Tuesday, February 23, 2010

Speed at Any Cost

In a recent interview with Tom Brokaw, Bode Miller said:

"Every competitor has a choice. He can walk up to the starting gate, take a look, and walk away. It would be unprecedented, but he could do it." He went on to say that skiing with joy, fully committed in heart, is more important to him than winning races, ultimately.

So when people choose to ignore their blogs for extended periods, or their boats, or their sailing, I always take it as a reminder that all this might not actually matter all that much in the broader context of a life. Maybe they are so far down a rabbit hole in some other area of existence that this seems trivial by comparison. Maybe someone got sick or died, or got married, or got a new job. Had a kid, bought a house. Discovered nuclear fusion, started a company. Found something cooler to do with their spare time, or figure out.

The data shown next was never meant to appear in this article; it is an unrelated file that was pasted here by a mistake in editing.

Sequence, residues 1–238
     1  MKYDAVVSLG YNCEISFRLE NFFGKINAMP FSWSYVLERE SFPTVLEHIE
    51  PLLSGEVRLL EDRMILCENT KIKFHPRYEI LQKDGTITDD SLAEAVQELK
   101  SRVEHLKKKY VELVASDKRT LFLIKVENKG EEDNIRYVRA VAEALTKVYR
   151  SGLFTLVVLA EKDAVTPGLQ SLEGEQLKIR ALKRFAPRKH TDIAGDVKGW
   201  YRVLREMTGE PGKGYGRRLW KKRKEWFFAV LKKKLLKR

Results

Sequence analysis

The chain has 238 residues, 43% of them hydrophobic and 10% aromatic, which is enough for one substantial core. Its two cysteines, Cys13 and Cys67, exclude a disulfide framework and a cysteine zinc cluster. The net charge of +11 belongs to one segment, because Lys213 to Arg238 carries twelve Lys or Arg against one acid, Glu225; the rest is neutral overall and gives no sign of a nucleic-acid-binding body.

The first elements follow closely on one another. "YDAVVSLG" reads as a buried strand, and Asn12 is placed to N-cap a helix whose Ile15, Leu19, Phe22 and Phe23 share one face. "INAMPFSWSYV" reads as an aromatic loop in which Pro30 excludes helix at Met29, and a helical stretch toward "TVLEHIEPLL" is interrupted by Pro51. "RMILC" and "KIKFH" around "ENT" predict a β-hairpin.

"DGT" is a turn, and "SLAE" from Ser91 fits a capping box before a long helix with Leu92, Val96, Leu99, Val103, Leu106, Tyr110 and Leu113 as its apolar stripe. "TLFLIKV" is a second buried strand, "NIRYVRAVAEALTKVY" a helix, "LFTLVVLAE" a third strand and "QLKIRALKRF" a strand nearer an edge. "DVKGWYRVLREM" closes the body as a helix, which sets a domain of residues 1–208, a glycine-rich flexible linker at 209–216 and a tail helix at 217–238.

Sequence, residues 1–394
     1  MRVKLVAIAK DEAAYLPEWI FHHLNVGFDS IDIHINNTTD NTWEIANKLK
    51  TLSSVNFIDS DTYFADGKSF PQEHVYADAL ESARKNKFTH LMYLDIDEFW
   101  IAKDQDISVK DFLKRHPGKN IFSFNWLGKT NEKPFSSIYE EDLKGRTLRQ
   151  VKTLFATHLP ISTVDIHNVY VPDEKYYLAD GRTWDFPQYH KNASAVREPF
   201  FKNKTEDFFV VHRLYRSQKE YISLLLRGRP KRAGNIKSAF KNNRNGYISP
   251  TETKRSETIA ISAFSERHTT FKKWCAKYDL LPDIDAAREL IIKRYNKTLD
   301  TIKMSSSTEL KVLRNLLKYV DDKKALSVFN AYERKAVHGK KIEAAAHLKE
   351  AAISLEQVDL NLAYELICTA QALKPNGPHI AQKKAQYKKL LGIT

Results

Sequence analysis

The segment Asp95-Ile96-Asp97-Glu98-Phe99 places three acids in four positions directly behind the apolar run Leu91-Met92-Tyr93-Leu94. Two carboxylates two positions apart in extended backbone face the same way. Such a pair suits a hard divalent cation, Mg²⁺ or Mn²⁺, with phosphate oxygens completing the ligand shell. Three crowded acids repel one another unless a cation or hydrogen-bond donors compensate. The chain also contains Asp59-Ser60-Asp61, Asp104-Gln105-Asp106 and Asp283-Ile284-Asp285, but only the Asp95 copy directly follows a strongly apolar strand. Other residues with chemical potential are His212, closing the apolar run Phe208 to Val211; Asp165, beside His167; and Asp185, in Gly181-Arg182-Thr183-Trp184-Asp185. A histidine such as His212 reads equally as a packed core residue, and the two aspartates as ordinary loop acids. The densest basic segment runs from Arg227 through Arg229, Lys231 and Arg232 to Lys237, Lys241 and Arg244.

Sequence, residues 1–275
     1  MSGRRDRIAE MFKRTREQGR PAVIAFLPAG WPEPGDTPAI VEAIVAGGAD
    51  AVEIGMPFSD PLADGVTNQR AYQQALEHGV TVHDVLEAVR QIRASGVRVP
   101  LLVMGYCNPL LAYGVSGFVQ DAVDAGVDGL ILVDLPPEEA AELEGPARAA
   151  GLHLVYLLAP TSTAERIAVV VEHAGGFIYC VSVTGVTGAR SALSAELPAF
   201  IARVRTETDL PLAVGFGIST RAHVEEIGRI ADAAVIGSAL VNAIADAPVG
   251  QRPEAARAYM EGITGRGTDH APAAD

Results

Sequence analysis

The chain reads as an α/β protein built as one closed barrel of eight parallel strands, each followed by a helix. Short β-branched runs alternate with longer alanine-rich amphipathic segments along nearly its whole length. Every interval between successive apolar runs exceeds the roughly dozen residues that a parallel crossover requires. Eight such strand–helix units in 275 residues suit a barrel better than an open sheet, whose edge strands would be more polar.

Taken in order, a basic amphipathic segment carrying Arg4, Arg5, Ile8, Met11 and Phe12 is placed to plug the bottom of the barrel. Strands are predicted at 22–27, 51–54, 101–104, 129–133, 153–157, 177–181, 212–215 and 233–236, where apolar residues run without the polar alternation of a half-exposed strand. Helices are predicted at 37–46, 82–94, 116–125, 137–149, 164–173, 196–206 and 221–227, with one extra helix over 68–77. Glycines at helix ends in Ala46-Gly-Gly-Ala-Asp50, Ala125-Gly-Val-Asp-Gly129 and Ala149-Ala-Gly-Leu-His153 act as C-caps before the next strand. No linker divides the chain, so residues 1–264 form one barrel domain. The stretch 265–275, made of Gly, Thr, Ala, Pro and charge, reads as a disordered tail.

When I finally build my latest scheme and make it work, I doubt it will count for much - even if it is fast. But that doesn't make it any less fun. And that is where Mr. Miller's comment rings true for me: things done with heart somehow count for more than things done simply because someone else thinks you should care about doing them well. And that philosophy, more than anything else, is what will probably continue to differentiate development class sailors from everyone else in the sailing world - no matter what aspect of the design, build and sail endeavor they choose to tackle.

I've never seen anyone sail a whole race, come down to the finish in first, then not cross the line. But I would applaud the sentiment.